Exposure of males to certain lifestyle, environmental and/or occupational hazards may increase the risk of aneuploid spermatozoa. In particular, risk of aneuploidy is increased by tobacco smoking, and occupational exposure to benzene, insecticides, and perfluorinated compounds. Increased aneuploidy is often associated with increased DNA damage in spermatozoa.
- Chromosome segregation
- Genetic deletion
- For information about chromosomes in genetic algorithms, see chromosome (genetic algorithm)
- Genetic genealogy
- Lampbrush chromosome
- List of number of chromosomes of various organisms
- Locus (explains gene location nomenclature)
- Maternal influence on sex determination
- Sex-determination system
- Polytene chromosome
- Parasitic chromosome
Notes and references
- Hammond CM, Strømme CB, Huang H, Patel DJ, Groth A (March 2017). "Histone chaperone networks shaping chromatin function". Nature Reviews. Molecular Cell Biology. 18 (3): 141–158. doi:10.1038/nrm.2016.159. PMC 5319910. PMID 28053344.
- Wilson, John (2002). Molecular biology of the cell : a problems approach. New York: Garland Science. ISBN 978-0-8153-3577-1.
- Alberts B, Bray D, Hopkin K, Johnson A, Lewis J, Raff M, Roberts K, Walter P (2014). Essential Cell Biology (Fourth ed.). New York, NY, USA: Garland Science. pp. 621–626. ISBN 978-0-8153-4454-4.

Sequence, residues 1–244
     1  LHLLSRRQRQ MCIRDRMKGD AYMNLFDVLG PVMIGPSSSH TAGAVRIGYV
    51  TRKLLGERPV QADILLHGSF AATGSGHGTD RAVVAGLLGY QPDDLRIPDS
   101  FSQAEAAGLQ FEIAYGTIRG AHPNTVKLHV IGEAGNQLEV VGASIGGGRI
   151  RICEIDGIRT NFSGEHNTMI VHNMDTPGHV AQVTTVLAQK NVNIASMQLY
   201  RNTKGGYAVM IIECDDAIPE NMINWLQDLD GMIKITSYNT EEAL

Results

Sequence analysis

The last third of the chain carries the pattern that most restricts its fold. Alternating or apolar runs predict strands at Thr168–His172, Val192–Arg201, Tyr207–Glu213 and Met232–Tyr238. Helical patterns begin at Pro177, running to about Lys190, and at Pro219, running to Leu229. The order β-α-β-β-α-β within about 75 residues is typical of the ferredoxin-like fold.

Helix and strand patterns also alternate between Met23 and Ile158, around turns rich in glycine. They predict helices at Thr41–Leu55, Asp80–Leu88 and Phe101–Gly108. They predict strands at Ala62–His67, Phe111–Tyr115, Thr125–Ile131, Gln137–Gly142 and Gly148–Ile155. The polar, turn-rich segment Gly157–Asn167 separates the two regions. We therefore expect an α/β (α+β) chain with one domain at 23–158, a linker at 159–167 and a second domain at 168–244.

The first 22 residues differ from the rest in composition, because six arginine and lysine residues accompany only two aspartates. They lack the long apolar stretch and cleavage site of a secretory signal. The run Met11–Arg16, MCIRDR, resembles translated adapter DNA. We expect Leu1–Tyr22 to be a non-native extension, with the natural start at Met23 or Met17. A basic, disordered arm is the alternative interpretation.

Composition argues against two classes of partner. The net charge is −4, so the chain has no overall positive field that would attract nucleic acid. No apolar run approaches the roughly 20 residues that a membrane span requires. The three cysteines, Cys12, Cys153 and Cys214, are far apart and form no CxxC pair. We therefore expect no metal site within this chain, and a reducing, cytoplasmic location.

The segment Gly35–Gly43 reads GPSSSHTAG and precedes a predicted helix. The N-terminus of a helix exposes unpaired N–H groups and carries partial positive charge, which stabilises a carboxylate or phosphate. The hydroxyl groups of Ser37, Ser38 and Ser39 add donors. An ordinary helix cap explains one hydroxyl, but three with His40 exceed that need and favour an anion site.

- Schleyden, M. J. (1847). Microscopical researches into the accordance in the structure and growth of animals and plants.
- Antonin W, Neumann H (June 2016). "Chromosome condensation and decondensation during mitosis". Current Opinion in Cell Biology. 40: 15–22. doi:10.1016/j.ceb.2016.01.013. PMID 26895139.
- Jones, Daniel (2003) , Peter Roach, James Hartmann and Jane Setter, eds., English Pronouncing Dictionary, Cambridge: Cambridge University Press, ISBN 978-3-12-539683-8
- "Chromosome". Merriam-Webster Dictionary.
- Coxx, H. J. (1925). Biological Stains - A Handbook on the Nature and Uses of the Dyes Employed in the Biological Laboratory. Commission on Standardization of Biological Stains.
- Waldeyer-Hartz (1888). "Über Karyokinese und ihre Beziehungen zu den Befruchtungsvorgängen". Archiv für Mikroskopische Anatomie und Entwicklungsmechanik. 32: 27.
- Garbari F, Bedini G, Peruzzi L (2012). "Chromosome numbers of the Italian flora. From the Caryologia foundation to present". Caryologia - International Journal of Cytology, Cytosystematics and Cytogenetics. 65 (1): 65–66. doi:10.1080/00087114.2012.678090.
- Peruzzi L, Garbari F, Bedini G (2012). "New trends in plant cytogenetics and cytoembryology: Dedicated to the memory of Emilio Battaglia". Plant Biosystems - an International Journal Dealing. 146 (3): 674–675. doi:10.1080/11263504.2012.712553 (inactive 2018-09-23).
- Battaglia, Emilio (2009). "Caryoneme alternative to chromosome and a new caryological nomenclature" (PDF). Caryologia - International Journal of Cytology, Cytosystematics. 62 (4): 1–80. Retrieved 2017-11-06.
- Fokin SI (2013). "Otto Bütschli (1848–1920) Where we will genuflect?" (PDF). Protistology. 8 (1): 22–35.